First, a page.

Saturday, February 11, 2012

Dedication of the Firstborn (Exodus 13:1-16)

The following quote is taken from

"Even more peculiar is God's obsession with first-born sons.  In Exodus 13:2 the Lord said "Consecrate to me every first-born that opens the womb among Israelites, both man and beast, for it belongs to me."  Later it says that you can redeem (replace) an ass with a sheep and that you must redeem a child for an unspecified price.  It is clear from the context that "consecrate" means a burning sacrifice.  These priests are guilty of theft and kidnapping.  Since any sins in the Old Testament were punishable by death, these priests used the threat of death to extort food and money from their followers.  What do we call a scum-bag that threatens to kill your kids unless you pay a ransom?  A kidnapper!  If these priests were alive today they would be in prison with Abraham."

            Let us examine this passage, and others in the Torah that discuss the dedication of firstborn males, both human and animal.
   claims that "it is clear from the context that 'consecrate' means a burning sacrifice".  The Hebrew word used in Exodus 13:2 is qadash, which means "to set apart, consecrate, sanctify, be pure, separate, be holy" [1].  This differs from the word that is normally used to describe a burnt offering: 'olah.  It was not God's intention that every firstborn human male was supposed to be sacrificed as a burnt offering; rather, it was to set each firstborn male apart, dedicating them to God.  The sacrifice of a human child was forbidden; the Law clearly stated that every firstborn son (and every unclean firstborn animal) had to be redeemed with a price, not sacrificed (Exodus 13:15, 34:20; Numbers 18:15; Deuteronomy 12:31, 18:10).  The redemption price was not unspecified; it was 5 shekels of silver, about 2 ounces (Numbers 18:16). 
            The reasoning behind this is given later in Exodus chapter 13: "In days to come, when your son asks you, ‘What does this mean?’ say to him, ‘With a mighty hand the LORD brought us out of Egypt, out of the land of slavery. When Pharaoh stubbornly refused to let us go, the LORD killed the firstborn of both people and animals in Egypt. This is why I sacrifice to the LORD the first male offspring of every womb and redeem each of my firstborn sons.’ And it will be like a sign on your hand and a symbol on your forehead that the LORD brought us out of Egypt with his mighty hand” (Exodus 13:14-16).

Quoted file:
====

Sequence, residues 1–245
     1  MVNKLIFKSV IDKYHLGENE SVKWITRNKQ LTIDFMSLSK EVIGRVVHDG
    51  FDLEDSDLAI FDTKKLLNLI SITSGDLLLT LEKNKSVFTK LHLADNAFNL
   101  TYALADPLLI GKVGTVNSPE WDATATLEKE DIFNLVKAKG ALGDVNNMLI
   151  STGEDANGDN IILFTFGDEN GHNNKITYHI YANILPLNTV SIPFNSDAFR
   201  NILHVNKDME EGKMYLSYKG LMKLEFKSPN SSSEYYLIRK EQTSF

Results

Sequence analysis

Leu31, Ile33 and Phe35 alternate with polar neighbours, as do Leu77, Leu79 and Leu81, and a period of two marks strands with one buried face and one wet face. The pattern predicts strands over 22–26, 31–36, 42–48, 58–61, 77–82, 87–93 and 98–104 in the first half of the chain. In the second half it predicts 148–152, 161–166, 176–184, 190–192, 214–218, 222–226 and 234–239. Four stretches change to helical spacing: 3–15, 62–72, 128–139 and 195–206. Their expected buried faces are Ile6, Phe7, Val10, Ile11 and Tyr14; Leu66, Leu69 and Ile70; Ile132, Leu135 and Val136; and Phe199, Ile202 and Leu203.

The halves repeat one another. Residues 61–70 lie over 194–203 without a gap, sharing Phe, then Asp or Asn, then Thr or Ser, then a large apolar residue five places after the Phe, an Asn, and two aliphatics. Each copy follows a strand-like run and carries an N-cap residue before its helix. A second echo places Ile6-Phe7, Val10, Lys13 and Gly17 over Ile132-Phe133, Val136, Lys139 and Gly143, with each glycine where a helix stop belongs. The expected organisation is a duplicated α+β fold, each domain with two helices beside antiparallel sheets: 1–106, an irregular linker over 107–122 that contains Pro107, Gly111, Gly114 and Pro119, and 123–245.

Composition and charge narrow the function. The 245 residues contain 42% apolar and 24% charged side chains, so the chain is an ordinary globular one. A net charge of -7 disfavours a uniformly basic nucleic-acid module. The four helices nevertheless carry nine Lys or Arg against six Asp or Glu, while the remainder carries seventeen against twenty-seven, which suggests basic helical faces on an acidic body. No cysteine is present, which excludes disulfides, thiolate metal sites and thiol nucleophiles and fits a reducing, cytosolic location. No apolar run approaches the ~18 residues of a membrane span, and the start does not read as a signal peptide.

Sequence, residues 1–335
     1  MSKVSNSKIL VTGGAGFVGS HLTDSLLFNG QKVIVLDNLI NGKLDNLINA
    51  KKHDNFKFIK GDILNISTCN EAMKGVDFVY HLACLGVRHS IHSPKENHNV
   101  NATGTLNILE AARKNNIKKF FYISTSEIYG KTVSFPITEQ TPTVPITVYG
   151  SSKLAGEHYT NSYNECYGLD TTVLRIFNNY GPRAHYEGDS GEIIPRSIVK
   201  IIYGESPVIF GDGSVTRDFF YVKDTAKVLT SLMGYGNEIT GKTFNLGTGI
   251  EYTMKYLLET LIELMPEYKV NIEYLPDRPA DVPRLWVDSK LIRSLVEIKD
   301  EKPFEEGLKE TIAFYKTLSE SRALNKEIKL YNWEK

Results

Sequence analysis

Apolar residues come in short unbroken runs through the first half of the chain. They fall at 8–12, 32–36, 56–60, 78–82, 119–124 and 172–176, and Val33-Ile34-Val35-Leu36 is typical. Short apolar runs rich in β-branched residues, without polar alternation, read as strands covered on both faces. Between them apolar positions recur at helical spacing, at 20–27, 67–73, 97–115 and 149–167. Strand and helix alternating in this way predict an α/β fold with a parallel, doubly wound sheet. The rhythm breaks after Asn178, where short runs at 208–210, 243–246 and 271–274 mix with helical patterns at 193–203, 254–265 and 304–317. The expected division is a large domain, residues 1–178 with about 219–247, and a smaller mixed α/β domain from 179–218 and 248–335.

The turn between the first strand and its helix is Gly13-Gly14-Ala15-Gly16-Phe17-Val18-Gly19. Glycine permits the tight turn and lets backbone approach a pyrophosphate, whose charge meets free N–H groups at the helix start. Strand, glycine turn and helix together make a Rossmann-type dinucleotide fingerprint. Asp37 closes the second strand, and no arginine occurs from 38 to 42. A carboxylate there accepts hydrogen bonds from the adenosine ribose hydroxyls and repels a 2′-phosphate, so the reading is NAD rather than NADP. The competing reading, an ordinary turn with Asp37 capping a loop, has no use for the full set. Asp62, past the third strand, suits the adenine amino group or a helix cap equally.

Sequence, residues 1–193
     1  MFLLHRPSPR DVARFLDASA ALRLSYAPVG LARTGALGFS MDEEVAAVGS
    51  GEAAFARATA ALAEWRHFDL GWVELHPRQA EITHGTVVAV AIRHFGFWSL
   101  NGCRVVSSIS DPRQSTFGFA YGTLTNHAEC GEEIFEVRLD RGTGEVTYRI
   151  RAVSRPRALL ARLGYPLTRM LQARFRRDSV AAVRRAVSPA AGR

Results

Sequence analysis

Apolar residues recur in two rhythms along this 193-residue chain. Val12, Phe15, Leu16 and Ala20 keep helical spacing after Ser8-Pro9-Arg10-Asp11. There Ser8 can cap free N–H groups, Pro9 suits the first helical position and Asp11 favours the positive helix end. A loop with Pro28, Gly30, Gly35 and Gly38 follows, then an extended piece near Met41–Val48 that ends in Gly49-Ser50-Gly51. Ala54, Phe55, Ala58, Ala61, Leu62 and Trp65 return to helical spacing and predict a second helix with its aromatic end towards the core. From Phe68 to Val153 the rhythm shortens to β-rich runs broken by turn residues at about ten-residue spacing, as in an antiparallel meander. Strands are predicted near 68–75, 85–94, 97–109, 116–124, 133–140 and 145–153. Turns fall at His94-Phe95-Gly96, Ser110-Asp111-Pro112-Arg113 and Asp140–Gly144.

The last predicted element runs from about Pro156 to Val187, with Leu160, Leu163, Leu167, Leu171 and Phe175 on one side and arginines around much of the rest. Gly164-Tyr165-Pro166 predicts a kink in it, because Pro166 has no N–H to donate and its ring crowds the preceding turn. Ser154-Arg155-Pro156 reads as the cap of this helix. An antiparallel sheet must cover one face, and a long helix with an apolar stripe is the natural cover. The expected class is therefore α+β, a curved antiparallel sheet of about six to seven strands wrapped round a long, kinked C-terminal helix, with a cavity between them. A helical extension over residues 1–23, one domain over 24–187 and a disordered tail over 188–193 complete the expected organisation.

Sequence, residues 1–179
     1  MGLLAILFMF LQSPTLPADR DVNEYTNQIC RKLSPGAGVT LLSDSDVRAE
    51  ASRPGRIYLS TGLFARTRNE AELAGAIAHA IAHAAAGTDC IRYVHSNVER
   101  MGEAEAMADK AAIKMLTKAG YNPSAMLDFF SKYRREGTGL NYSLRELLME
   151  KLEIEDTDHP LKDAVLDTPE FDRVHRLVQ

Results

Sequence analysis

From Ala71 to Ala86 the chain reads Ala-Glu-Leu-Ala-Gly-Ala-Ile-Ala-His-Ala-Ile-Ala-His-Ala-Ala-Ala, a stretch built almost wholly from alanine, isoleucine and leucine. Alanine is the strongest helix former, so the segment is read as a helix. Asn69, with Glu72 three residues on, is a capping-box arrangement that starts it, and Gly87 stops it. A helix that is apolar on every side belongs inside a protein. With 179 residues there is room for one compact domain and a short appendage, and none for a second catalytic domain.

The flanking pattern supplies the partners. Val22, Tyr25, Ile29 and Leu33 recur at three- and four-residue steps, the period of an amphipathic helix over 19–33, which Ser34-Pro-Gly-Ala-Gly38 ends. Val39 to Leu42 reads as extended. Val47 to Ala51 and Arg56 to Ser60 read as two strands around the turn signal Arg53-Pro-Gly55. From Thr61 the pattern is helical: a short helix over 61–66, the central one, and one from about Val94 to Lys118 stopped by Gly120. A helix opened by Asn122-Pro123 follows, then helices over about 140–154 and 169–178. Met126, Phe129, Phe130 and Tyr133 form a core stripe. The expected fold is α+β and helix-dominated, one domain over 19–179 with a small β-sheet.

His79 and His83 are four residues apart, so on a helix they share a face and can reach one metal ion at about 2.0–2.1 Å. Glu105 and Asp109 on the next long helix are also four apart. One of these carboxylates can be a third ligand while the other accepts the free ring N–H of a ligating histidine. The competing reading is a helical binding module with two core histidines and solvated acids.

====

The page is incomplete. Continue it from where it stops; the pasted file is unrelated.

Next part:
The redemption of the firstborn sons was a permanent reminder to the Israelites that God had spared their firstborn sons during the first Passover, when God struck down all of the Egyptian firstborn males (Exodus 11-12).  This was partially in response to Pharaoh refusing to release the Israelites from slavery, and partially because, years earlier, Pharaoh had commanded the murder of thousands of Israelite baby boys (Exodus 1:8-22).
            The purpose for redeeming a donkey with a sheep was because the donkey was unclean, and unfit for sacrifice (Exodus 13:12-13; Numbers 18:15-17).  All clean firstborn animals were sacrificed as an offering to God.  

[1] Gesenius's Lexicon, Heinrich Friedrich Wilhelm Gesenius (translated by Samuel P. Tregelles), 1847